The length of time the EU courts can take before they give their rulings can be long – so long that they can even run into years - so now disgruntled litigants are suing the court itself for the delays. Famously the Italian justice system was so slow that the European Court of Human Rights found that, in the case of Ferrari v Italy (1999), that there were some 1,400 similar cases before the court concerning court delays.
The action against the EU courts will be embarrassing, though thankfully not to the same extent as Ferrari. Although the time taken for cases to be heard and receive judgment can be extraordinary – there’s a case involving Rubik’s Brand Limited dating from 2006 that’s still ongoing – the courts have been asking for more judges to help them deal with their workload for some time now. For a long time Member States couldn’t come to an agreement on the extra judges. The courts had only asked for another 12, but in a Union of 28 Member States it became hard to decide “whose” judges these would be.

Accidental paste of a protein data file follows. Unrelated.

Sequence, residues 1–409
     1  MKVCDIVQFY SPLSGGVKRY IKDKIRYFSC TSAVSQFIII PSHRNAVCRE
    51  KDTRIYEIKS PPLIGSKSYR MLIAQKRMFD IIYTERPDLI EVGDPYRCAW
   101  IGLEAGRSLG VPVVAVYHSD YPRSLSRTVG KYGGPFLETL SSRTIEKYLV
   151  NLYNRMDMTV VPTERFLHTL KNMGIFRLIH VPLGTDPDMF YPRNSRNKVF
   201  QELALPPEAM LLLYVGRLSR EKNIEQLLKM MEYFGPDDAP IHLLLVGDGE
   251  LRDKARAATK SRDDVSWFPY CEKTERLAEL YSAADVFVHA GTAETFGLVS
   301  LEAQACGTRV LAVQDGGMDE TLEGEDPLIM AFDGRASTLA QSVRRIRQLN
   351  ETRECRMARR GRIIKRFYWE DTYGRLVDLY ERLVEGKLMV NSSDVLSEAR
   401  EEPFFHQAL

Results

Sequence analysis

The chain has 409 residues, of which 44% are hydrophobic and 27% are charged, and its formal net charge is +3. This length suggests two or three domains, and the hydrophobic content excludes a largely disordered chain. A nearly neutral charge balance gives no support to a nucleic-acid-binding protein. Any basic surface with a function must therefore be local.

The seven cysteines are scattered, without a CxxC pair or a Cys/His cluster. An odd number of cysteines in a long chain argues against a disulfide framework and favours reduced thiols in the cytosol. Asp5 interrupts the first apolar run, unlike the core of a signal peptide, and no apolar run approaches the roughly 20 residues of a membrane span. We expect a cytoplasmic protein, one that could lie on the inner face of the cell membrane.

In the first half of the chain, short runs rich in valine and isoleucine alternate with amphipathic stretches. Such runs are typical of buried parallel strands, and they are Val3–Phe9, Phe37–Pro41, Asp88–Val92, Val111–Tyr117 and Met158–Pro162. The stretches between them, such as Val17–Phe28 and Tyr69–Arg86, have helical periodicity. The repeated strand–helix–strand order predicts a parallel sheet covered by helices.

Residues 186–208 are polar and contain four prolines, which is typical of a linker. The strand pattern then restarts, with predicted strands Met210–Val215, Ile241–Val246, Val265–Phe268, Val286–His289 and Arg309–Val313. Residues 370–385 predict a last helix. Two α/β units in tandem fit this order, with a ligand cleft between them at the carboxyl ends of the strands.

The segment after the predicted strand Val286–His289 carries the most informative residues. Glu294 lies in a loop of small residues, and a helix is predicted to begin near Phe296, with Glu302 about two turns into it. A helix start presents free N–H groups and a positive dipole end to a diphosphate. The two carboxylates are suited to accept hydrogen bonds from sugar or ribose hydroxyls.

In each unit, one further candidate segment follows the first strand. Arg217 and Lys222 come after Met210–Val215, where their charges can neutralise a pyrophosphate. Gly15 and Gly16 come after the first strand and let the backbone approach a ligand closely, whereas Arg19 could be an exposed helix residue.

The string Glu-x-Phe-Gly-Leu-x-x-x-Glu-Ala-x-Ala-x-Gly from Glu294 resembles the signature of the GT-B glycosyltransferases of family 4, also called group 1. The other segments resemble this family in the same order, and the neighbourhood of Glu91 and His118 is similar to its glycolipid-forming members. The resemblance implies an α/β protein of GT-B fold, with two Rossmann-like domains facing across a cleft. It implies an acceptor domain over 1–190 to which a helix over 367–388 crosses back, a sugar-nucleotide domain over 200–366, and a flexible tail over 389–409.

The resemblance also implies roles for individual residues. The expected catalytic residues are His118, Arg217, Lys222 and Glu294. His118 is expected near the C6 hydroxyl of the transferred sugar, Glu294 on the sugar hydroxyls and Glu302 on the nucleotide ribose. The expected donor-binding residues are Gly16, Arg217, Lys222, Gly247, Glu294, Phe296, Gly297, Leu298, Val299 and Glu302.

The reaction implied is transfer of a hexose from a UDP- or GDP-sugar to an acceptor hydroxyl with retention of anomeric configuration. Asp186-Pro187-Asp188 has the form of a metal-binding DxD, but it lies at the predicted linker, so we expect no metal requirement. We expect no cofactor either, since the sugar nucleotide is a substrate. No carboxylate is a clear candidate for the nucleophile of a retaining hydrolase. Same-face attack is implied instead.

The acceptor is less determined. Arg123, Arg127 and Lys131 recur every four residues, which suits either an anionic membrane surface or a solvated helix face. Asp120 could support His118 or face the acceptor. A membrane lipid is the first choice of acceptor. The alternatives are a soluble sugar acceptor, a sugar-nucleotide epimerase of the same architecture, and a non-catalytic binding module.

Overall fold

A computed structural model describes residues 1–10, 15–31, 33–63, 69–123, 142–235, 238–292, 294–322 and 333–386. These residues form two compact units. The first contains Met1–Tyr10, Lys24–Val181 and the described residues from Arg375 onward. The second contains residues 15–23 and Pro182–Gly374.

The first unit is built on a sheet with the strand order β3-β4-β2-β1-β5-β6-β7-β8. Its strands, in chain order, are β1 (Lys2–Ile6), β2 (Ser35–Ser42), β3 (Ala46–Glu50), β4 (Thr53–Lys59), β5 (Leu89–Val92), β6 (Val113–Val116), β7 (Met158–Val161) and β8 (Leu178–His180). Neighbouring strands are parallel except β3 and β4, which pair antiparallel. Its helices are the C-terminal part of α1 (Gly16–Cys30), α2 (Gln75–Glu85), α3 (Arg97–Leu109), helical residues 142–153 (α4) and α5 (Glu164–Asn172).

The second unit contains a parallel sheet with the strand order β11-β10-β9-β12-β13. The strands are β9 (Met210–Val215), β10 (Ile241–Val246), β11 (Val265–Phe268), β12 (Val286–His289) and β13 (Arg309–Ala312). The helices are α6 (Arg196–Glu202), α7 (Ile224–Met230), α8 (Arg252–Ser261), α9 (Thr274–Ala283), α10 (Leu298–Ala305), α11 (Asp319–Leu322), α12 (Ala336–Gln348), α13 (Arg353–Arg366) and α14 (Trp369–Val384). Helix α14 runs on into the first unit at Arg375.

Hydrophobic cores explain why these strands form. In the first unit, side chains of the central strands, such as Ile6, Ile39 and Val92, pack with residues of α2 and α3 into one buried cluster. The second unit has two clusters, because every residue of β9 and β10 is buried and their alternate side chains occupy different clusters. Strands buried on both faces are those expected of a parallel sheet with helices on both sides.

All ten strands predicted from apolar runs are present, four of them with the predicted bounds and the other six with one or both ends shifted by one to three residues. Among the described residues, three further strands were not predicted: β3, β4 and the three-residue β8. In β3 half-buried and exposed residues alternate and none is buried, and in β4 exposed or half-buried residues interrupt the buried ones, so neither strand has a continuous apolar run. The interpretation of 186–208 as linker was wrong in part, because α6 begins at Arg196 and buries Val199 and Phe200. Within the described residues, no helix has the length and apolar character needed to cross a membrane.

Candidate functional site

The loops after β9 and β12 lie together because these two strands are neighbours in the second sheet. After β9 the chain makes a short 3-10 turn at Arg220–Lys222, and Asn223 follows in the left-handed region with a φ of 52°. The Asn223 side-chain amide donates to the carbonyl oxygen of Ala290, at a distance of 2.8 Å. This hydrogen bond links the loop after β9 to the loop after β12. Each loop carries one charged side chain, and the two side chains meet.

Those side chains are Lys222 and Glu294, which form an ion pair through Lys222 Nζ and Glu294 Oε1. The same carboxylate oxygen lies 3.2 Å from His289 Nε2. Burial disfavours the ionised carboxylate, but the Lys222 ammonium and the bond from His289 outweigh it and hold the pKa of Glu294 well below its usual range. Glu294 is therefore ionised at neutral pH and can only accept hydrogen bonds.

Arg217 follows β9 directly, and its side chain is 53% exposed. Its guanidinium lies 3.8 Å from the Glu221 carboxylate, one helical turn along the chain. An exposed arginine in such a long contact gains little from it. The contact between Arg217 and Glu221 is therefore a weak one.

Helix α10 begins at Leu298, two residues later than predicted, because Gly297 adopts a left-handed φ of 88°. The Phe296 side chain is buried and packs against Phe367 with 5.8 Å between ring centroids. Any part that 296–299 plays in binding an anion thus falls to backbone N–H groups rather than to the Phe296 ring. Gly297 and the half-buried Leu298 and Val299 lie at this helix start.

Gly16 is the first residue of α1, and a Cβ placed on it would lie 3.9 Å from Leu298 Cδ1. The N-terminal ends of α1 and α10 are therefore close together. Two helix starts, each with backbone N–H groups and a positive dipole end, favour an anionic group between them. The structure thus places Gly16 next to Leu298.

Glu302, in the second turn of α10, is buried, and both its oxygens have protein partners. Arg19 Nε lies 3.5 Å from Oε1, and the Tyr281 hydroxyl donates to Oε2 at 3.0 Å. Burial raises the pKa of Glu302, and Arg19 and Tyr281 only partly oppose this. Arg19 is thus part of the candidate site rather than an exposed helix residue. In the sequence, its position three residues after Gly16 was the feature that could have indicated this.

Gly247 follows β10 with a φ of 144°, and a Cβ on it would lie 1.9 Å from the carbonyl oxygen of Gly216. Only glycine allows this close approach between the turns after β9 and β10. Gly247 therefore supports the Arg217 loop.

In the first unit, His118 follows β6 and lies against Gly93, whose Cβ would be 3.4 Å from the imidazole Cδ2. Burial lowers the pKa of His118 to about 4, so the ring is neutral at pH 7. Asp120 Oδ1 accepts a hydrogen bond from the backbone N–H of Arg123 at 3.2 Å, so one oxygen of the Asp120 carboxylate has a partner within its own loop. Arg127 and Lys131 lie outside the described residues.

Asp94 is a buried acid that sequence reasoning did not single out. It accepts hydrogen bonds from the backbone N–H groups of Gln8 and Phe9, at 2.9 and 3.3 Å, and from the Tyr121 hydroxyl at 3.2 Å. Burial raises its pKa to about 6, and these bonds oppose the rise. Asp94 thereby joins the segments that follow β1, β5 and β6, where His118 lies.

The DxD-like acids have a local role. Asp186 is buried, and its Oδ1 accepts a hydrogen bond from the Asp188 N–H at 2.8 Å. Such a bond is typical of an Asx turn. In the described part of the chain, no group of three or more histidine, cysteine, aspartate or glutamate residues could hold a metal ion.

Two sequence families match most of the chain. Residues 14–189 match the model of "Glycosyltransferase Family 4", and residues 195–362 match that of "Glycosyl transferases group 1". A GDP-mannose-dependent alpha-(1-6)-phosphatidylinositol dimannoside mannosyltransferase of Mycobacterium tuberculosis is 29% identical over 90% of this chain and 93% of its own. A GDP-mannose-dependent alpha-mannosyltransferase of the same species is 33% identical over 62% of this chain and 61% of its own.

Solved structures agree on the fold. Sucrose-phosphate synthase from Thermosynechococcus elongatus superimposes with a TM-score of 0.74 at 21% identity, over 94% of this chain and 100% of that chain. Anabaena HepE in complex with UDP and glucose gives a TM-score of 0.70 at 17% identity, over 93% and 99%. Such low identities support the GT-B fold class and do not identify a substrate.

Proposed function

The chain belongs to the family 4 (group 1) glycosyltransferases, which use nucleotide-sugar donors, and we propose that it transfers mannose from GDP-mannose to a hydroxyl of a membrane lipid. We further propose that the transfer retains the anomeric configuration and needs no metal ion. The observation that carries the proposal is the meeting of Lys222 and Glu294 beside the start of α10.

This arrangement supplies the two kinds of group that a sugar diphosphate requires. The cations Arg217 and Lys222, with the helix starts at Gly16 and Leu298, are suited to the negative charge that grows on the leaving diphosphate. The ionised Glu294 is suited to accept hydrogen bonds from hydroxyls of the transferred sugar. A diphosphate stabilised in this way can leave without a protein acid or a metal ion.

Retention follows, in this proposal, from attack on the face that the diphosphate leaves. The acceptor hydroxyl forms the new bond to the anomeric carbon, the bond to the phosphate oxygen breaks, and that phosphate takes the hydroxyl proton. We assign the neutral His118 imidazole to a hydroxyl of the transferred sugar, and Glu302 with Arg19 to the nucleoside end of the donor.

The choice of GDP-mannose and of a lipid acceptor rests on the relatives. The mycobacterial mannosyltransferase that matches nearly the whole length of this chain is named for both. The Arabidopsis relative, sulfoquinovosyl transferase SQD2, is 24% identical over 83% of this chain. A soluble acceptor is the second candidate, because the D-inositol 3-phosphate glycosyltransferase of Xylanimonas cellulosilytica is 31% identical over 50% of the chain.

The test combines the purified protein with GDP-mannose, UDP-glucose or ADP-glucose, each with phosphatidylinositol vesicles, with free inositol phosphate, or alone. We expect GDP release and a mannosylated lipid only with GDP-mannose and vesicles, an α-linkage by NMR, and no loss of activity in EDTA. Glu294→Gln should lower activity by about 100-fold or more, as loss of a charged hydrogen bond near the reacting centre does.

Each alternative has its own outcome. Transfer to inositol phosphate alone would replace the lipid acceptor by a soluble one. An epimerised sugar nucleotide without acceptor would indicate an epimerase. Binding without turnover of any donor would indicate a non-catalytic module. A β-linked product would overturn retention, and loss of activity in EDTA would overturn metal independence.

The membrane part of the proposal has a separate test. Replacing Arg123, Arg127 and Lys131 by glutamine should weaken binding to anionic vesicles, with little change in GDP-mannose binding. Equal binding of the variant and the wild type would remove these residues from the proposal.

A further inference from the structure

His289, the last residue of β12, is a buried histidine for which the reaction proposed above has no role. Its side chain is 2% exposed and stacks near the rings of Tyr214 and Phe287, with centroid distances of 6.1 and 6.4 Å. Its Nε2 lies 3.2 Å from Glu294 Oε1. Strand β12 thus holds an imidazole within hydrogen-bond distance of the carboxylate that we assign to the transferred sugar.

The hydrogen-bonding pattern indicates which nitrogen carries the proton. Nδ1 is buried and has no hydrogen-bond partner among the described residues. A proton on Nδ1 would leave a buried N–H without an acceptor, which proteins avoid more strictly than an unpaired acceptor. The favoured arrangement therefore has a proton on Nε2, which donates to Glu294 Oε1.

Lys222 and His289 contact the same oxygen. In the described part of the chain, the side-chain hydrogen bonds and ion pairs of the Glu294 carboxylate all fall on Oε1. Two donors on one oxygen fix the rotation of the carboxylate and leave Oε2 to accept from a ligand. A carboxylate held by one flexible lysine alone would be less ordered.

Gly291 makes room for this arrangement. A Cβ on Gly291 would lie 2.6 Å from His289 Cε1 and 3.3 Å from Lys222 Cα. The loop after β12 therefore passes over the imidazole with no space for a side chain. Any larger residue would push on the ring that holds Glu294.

In the end the Member States decided to come up with a new round of 28 judges to make sure that national representation in the courts remained equal. They won’t all have arrived until 2019, but they should be more than enough to whittle down the judicial backlog. But the question now is how much will all of the delays to date cost the EU in compensation pay outs…?